Imagine the comic that not only lives up to that title, but manages to do so with a poetic grace. That’s what Landry has achieved, a post-apocalyptic meditation on the relationship between life and filth, with death and violence as crucial to the cycle of life. Taking place mostly inside a sewage system, Landry offers a guidebook to the grotesque muck that congregates and forms within the tunnels, moving life to its next level with a primeval urgency. Humanoids that appear half-finished or riddled with pustules or made to consume and dispose populate the sewage with a truly disgusting vibrancy, thanks to Landry’s emotional renderings that drench you in the filth he portrays. You aren’t just reading about it — Landry’s skill is such that you are there, surrounded and terrified. And if this is a guidebook, it’s one that unfolds with poetry, directly placing humanity at the center of the putrefaction, dragging us back down to our origins and suggesting that the primordial and the apocalyptic are sometimes impossible to separate. Everything is a creation of the muck.
Kenins’ beautiful color work brightens a pretty heady conceptual piece that shoots out tension that could actually become overwhelming with a different visual presence, but remains something digestible. That’s important, at least to me, because as a straight white old guy, this is the sort of comic that makes me feel like I’ve been invited into something that I usually wouldn’t be part of, but I’m talking about the experience in public and that can often demand a delicate approach. Kenins depicts a party for queer women in a sauna and, as the title suggests, this is a cleansing ritual for them where they air out their personal concerns within a political context, frequently illustrating the collisions that are inherent in that dynamic. Each character feels like a representative for a common situation, including a woman rebuffs demands that she pronounce a problematic sexual encounter as assault and a transitioning transgender person who is current non-binary and is convinced their presence is not welcome in the steam room, as well as a character of embodied symbolism touching on the pure American moral ideal and the misunderstandings of human nature by those who embrace that ideal. What I liked best about this is Kenins’ defiant non-judgmental presentation, a true feat in this highly-charged, political era. Each character’s story and attitude is approached with sympathy and the suggestion that you lend them your ear and empathy, that you take your own experience outside of how you react to theirs, and really ruminate on how political and social arguments seem so simple in solitude, but sometimes collide against people’s real lives once the discussions begin.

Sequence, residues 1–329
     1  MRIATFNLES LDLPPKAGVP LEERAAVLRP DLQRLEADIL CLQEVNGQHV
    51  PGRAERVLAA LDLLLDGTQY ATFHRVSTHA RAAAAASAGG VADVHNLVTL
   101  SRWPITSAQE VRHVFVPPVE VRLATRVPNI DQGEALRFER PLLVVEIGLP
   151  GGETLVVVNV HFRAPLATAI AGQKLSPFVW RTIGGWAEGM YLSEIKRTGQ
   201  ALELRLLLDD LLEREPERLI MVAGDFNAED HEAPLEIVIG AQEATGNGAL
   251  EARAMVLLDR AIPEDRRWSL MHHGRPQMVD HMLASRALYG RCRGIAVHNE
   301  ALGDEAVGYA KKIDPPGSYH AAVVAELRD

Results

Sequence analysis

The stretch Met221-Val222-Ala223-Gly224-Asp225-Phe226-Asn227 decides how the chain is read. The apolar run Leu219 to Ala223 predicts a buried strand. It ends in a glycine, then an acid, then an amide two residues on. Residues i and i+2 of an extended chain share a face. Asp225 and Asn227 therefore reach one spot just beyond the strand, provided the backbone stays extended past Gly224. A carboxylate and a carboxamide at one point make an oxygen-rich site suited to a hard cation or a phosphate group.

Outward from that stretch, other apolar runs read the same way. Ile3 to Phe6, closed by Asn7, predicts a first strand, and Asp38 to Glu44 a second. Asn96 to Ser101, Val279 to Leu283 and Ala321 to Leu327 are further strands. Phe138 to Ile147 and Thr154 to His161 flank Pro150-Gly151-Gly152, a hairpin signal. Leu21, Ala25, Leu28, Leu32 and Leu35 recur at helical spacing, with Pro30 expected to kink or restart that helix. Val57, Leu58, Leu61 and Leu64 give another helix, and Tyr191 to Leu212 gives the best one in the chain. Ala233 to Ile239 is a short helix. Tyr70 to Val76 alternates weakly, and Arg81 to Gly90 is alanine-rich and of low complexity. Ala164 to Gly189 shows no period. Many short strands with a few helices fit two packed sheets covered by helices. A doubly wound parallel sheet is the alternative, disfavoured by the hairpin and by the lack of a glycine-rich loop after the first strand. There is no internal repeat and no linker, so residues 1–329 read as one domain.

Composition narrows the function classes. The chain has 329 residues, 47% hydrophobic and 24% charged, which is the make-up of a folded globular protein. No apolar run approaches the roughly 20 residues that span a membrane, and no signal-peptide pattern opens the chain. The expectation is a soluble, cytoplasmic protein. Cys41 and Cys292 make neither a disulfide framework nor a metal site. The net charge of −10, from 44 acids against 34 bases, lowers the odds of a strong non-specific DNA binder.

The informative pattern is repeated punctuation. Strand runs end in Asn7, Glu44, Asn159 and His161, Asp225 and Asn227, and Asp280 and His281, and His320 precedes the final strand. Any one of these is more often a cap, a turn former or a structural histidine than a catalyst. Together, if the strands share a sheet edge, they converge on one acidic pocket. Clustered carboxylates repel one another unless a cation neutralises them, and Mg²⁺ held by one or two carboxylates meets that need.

Unexpectedly, I found a couple things I identified with in this sprawling rumination about human impact, specifically being flagged as a immigration risk when entering Canada and being troubled about tourism in Iceland even as I was enthralled by my own experience there. These are actually two circumstances that get to the heart of what this book is about — the honest enthusiasm of humans as a destructive force in the world. People go to Iceland out of pure curiosity, out of the desire to experience natural wonder and perhaps even a culture that they see as elevated or pure in some ways, but its the onslaught of that affection that has an impact on the object itself. Yanow wraps this around examples of apocalyptic thinking and even practical versions in the face of disaster, as with her father’s wonderful rationalization for not wanting to reinforce their house to survive an earthquake — because the house will just slide into the creek if an earthquake hit. Yanow is concerned climate change will beat the big earthquake to the punch, though, and apocalyptic thinking piles on top of one another, winding through a recounting of a doomed romantic relationship and a realization that we are all looking at the end in our own way on multiple scales — you’d think we’d be used to now that it’s on a global one.